Our District 82 Champions TM Alexandar Babu, and TM Guruprasad delivered a 7 minutes humorous speech to win the prestigious 1st and 3rd positions respectively in the district conference, Reverberations 2012. Can you imagine how many times they would’ve rehearsed before their most memorable performance at the District? They rehearsed at least a 50 times for months together, before their final performance at the district. If great champions have to rehearse for at least 50 times before their performance, how many times should we rehearse before giving our speech at the club? A successful toastmaster, rehearses multiple times before they do any performance in toastmasters.

Let us take the following resolution to become a successful communicator and a leader.

I’m a toastmaster…             
participate in meetings, but don’t precipitate
I’m always prepared, so I’m not afraid
help others to perform, so that their skills can reform
give everyone a pat, that’s the best way to get them to act

I’m a toastmaster …
I remain positive, even if my blood group is negative
treat everyone fair, they being a guest or a DTM doesn’t matter
I’m ready to serve the club, because my heart says so with every single lub-tub
I’ll follow the rules, as it helps the club to reach its goals.
I’m a toastmaster!!!

Friday, December 14, 2012

How to organize YLP (Youth Leadership Program)?

Organizing a Youth Leadership Program (YLP) is a wonderful experience. YLP makes you feel that you can put your toastmastering skills to the best use, in the development of the community and in grooming the future leaders of the society. If you are interested in organizing a Toastmasters Youth Leadership Program (YLP), this article will help you.

Also read:

Youth Leadership Program at Anjuman School
High Performance Leadership - Project Ideas / Requirements

Who can organize an YLP?

According to Toastmasters International, a local toastmasters club should sponsor/organize a YLP.

Where can I conduct YLP?

You can conduct YLP in schools, colleges, scout groups, and other communities for youngsters.

What do we do in a YLP?

During YLP, we help the participants to become better communicators and leaders. The YLP sessions will be similar to that of your toastmasters club meetings. However, the students/participants will run the show and you should coach them to do their roles. You'll also have to conduct educational sessions for them on "How to use their voice effectively", "How to come up with a speech script?", "How to use their body language", etc.,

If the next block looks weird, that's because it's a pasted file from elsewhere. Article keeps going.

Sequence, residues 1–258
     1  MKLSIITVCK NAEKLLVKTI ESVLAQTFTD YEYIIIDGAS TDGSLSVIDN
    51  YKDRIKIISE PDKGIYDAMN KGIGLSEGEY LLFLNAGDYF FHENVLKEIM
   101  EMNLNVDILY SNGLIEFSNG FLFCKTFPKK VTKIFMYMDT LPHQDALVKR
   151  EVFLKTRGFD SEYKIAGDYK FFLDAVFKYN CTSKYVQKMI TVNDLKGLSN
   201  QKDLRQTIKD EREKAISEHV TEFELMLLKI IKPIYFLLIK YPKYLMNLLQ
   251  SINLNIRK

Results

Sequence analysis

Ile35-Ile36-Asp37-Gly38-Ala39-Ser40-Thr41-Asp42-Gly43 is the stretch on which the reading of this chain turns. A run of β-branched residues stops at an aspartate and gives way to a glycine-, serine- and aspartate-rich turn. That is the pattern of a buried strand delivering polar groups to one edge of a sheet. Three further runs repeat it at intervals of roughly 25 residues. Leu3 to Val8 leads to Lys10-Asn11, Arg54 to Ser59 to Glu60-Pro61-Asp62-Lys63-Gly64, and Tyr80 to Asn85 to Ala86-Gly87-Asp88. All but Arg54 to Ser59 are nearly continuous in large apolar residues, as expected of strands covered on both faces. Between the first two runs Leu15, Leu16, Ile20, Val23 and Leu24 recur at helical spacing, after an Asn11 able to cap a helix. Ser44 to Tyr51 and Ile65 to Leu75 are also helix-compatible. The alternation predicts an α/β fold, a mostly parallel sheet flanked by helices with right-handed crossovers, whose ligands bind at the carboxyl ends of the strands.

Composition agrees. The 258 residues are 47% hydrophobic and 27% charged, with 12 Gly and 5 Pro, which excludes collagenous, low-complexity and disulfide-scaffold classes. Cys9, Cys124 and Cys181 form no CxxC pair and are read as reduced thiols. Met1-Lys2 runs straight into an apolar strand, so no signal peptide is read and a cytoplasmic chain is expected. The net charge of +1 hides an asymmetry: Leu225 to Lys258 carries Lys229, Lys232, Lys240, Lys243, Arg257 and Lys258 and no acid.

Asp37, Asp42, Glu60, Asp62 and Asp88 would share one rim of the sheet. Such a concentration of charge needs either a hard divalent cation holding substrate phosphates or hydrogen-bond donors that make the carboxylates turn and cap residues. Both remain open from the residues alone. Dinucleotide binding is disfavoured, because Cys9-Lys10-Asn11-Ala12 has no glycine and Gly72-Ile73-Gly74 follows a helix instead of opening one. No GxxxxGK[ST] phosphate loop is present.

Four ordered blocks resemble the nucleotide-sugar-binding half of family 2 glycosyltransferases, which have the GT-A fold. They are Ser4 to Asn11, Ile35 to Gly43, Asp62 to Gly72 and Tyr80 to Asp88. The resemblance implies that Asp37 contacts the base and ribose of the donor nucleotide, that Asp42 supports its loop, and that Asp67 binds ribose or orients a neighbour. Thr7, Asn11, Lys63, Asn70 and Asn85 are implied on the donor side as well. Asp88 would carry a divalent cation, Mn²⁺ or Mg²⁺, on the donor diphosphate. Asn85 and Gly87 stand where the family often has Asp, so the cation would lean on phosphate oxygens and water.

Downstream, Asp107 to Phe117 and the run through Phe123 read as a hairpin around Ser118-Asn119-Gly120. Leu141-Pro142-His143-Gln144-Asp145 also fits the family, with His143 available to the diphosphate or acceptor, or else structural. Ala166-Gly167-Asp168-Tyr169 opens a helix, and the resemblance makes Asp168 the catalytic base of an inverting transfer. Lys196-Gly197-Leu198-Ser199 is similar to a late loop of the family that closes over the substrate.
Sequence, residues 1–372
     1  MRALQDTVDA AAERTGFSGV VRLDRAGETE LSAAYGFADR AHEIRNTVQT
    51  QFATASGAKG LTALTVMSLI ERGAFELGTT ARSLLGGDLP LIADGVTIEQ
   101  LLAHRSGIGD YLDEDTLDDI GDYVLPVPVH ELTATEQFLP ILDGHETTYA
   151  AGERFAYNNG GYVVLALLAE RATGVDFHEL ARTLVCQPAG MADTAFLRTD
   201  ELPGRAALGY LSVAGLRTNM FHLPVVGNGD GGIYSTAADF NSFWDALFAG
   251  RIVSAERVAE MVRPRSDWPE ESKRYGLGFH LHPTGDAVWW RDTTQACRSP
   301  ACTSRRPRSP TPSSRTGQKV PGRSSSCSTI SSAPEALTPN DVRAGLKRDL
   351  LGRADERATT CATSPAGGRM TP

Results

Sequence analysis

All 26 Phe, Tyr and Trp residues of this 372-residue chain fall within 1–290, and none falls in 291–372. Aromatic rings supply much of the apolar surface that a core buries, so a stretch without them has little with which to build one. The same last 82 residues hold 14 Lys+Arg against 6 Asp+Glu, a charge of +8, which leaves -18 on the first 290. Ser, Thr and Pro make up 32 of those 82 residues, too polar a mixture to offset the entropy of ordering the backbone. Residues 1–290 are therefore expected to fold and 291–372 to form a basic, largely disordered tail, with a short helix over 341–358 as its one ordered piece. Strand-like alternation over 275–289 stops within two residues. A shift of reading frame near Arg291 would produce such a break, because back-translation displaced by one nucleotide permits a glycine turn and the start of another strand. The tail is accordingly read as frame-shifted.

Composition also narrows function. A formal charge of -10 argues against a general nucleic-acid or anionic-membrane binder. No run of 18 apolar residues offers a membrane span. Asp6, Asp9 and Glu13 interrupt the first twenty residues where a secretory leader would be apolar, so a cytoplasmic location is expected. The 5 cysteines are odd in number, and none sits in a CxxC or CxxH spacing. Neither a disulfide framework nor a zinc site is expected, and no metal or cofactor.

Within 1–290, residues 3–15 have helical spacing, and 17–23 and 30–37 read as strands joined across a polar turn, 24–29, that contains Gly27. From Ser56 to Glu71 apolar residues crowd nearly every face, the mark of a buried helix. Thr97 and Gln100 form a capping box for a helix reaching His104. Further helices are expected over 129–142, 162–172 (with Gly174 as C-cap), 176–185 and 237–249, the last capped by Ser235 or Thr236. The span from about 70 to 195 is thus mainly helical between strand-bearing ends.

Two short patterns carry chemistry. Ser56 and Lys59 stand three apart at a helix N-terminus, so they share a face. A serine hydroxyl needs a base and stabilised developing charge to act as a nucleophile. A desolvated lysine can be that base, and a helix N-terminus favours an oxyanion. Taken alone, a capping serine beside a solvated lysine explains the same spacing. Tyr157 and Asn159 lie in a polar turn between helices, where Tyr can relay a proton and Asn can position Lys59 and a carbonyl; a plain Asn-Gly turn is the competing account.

What is the age group of the participants/students?

YLP is meant for teenagers. You can do it for students who are in the age group 13 - 18. For adults, you can consider conducting Speech Craft program.

How long is the YLP program conducted?

YLP program is conducted over a period of 8 meetings. The meetings can happen during the weekdays or weekends.

What is the minimum and maximum size of the YLP students group?

The effectiveness of the program will be realized when you conduct the program for smaller groups (very similar to your toastmasters club meetings). An average size of 15 - 20 students in a group (not exceeding 25 students).

I have more than 25 students who are interested to participate. What should I do?

If you have more students who are interested to join, you can split them into smaller groups and have two co-ordinators for each group. For example, if you have 100 students in a school interested to participate, you can split them into 4 groups of 25 students each. You can have 4 * 2 = 8 co-ordinators for each class room.

How many coordinators would I need to run the YLP program?

It depends upon the size of the students group. You need at least two coordinators for a group of size 20.

How should I pick trainers/coordinators for the program?

It is recommended to have somebody who has completed at least their Competent Communicator / Competent Leadership manuals, as trainers/coordinators.

Where should I get the funds for running YLP?

The club can fund the program or can get outside sponsors to fund the YLP program. Students should not be charged for the YLP program.

What are the items/manuals that I should order from Toastmasters International?

Coordinators handbook (one for each coordinator)

Participants note book (one for each student)

Coordinator certificate (one for each coordinator)

Participant's certificate (one for each student)

You may also consider to order trophies, pins, best speaker ribbons and other materials from Toastmasters International website - depending upon your funds availability.

What is the approximate cost of organizing a YLP?

Coordinator's handbook:     No. of coordinators * $5 each
Participant's handbook:     No of participants  * $5 each

Coordinator's certificate:  No. of coordinators * $0.60 each
Participant's certificate:  No of participants  * $0.60 each

If you have a group of 25 students, and 2 coordinators, your approximate cost of materials would be ((25 * $5) + (2 * $5) + (25  * $0.60) + (2 * $0.60)) =  $151.2

The other things that you should consider when calculating the cost of the program:
  • Shipping cost for the materials/manuals
  • Refreshments (tea, snacks) that you may serve to the participants/coordinators
  • Transportation cost, if any
  • Hall/Venue expenses, if any
You can use the currency converter to calculate the cost in your local currency.

Will I get a credit if I organize a YLP?

Yes. The Chief Cordinator who organizes the Youth Leadership Program (YLP) can get a High Performance Leadership credit. The other coordinators can get credit for their speeches / performance in their respective project manuals (CC / CL / AC )

Where can I find more information regarding Toastmasters Youth Leadership Program (YLP)?